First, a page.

The total energy transmitted in one revolution is

⇒ \(E=\int I A d t=\int I_0 \cos ^2 \theta A d t\)

⇒ \(I_0 A \int \cos ^2 \omega t d t=\frac{I_0 A^{2 \pi}}{\omega} \int_0^{2 \pi} \cos ^2 \omega t d(\omega t)\)

∴ \(\frac{I_0 A \pi}{\omega}=\frac{\left(3.3 \mathrm{~W} \mathrm{~m}^{-2}\right)\left(3 \times 10^{-4} \mathrm{~m}^2\right) \pi}{(10 \pi) \mathrm{rad} \mathrm{s}^{-1}}\)

= 0.99 x 10^{-4} J ≈1.0 x 10^{-4} J

**Question 74. A single slit of width 0.6 x10 ^{-4} m is illuminated by a light of wavelength 600 nm. The highest order of minima on both sides of the central maxima is**

- 200
- 100
- 20
- 10

**Answer:** 2. 100

For a single-slit diffraction pattern, the position for the minima is d sin0 = nX

⇒ \(\sin \theta=\frac{n \lambda}{d}<1\)

Hence, \(n \leq \frac{d}{\lambda}\)

Here, d = slit width = 0.6 x 10^{-4}m and λ = 600 x 10^{-9} m.

∴ \(n \leq \frac{6 \times 10^{-5} \mathrm{~m}}{6 \times 10^{-7} \mathrm{~m}}=100\)

**Question 75. In the given figure, P and Q are two equally intense coherent sources emitting radiation of the same wavelength 20 m. The separation between P and Q is 5 m and the phase of P is ahead of Q by 90°. A, B and C are three points each at the same distance from the midpoint O of PQ. The intensities observed at A, B and C will be in the ratio**

- 0:1:4
- 0:1:2
- 4:1:0
- 2:1:0

**Answer:** 2. 0:1:2

Resultant intensity due to superposition is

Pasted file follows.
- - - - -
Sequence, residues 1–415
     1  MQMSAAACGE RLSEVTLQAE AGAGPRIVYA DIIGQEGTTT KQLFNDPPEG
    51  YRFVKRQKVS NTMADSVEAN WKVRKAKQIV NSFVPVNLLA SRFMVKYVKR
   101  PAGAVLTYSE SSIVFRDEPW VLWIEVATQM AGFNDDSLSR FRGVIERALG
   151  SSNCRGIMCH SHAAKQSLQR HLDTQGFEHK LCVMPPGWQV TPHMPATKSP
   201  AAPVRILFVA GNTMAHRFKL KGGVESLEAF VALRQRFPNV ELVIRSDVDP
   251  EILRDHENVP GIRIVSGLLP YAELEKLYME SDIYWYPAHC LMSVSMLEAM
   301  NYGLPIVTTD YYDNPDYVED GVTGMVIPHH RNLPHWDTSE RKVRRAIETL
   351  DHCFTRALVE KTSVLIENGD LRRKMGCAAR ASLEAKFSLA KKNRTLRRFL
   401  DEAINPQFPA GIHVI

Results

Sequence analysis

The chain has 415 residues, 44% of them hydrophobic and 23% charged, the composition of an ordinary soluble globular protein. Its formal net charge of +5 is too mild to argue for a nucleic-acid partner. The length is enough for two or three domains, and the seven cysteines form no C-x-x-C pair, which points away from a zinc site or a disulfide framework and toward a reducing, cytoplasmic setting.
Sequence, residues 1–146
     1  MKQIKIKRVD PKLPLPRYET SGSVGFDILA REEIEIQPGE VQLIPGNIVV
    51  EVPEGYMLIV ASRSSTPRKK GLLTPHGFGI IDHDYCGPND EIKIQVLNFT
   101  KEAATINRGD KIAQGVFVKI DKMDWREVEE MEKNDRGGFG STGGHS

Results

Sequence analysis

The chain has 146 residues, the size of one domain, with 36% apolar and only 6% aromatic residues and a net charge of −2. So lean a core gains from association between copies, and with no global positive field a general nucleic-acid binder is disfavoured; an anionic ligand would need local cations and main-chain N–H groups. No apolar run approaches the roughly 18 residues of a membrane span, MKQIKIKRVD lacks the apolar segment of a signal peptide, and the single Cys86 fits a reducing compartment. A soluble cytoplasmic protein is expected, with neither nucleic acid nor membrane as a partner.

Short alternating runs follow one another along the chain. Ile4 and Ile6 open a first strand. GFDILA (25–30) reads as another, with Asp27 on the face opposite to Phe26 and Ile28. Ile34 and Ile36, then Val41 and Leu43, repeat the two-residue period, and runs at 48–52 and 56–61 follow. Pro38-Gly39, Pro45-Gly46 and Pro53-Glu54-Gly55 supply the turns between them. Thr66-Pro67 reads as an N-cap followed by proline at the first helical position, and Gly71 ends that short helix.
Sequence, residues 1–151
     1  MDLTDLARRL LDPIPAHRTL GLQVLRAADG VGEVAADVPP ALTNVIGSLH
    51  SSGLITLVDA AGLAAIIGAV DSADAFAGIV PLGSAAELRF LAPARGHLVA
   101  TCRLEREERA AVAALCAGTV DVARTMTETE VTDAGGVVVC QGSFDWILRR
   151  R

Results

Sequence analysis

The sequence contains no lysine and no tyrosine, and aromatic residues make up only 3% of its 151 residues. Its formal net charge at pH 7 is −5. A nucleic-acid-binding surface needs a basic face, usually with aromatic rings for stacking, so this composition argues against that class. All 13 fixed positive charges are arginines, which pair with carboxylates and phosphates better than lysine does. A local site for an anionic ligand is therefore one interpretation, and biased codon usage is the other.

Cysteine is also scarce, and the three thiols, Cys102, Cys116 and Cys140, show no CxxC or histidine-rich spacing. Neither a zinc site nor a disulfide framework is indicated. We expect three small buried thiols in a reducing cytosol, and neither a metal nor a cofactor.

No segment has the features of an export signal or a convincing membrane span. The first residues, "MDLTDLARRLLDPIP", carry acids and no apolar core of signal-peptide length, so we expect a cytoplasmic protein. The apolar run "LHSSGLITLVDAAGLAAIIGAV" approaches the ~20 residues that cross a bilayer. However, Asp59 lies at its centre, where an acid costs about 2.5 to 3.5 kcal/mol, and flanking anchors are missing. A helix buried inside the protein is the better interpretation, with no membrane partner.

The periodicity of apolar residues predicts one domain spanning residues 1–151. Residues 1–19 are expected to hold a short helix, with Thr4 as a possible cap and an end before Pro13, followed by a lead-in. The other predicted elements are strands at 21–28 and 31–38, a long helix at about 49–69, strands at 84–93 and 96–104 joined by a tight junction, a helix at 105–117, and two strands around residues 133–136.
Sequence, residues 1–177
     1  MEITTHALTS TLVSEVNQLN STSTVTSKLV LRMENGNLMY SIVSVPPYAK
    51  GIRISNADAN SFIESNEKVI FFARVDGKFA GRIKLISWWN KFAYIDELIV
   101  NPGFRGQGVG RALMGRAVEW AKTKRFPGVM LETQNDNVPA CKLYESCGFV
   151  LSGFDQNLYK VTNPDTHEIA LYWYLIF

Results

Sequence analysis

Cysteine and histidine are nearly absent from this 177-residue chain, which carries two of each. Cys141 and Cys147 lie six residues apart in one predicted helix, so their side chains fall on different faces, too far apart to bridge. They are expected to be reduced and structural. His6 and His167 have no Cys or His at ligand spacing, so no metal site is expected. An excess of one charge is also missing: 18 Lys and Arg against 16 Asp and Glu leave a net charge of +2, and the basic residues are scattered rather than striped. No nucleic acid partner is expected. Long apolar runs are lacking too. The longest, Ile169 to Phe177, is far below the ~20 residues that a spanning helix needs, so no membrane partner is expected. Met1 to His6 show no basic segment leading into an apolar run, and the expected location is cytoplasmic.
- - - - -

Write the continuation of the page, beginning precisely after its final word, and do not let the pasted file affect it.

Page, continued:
I = 2I_{0}(1 + cos π), where Φ= phase difference.

At point A: path difference = \(\Delta=P A-Q A=P Q=5 \mathrm{~m}=\frac{20 \mathrm{~m}}{4}=\frac{\lambda}{4}\)

and phase difference = \(\frac{2 \pi}{4}=\frac{\pi}{2}\)

Since P is ahead of Q by \(\frac{\pi}{2}\), hence net phase difference Φ = π.

I_{A} = 2I_{0}(l + cos π) = 0.

At point B: B is equidistant from both P and Q, hence path difference = 0.

But P is ahead in phase by \(\frac{\pi}{2}, \text { so } \phi=\frac{\pi}{2}\)

⇒ \(I_{\mathrm{B}}=2 I_0\left(1+\cos \frac{\pi}{2}\right)=2 I_0\)

At point C: path difference = \(\Delta=Q C-P C=\frac{\lambda}{4}\)

But P leads by \(\frac{\pi}{2}\left(\equiv \frac{\lambda}{4}\right)\), hence Φ = 0.

∴ I_{c} = 2I_{0}(1 + cos 0°) = 4I_{0}.

∴ Hence, I_{A} : I_{B} : I_{c} = 0 : 2I_{0} : 4I_{0} = 0 : 1 : 2.

**Question 76. In a YDSE with a slit separation of 1 mm and distance of the screen from the slit 1 m, the wavelength of the light used is 650 nm. At a distance y =1.270 mm from the central fringe where a bright fringe is observed, the path difference is**

- 1.27 μm
- 2.45 μm
- 2.27 μm
- 0.27 μm

**Answer:** 1. 1.27 μm

Path difference at P due to sources S_{1} and S_{2} is

Δ = S_{2}P-S_{1}P ≈ S_{2}N = S_{1}S_{2}sin θ.

For θ to be small, \(\sin \theta \rightarrow \tan \theta=\frac{y}{D}\)

⇒ \(\Delta=d\left(\frac{y}{D}\right)=(1 \mathrm{~mm}) \frac{(1.27 \mathrm{~mm})}{1 \mathrm{~m}}\)

= 1.27 μm.

**Question 77. In a YDSE, the total number of fringes observed between points O and P with λ = 700 nm was 16. With λ’ = 400 nm, the total number of fringes in the same region OP will be**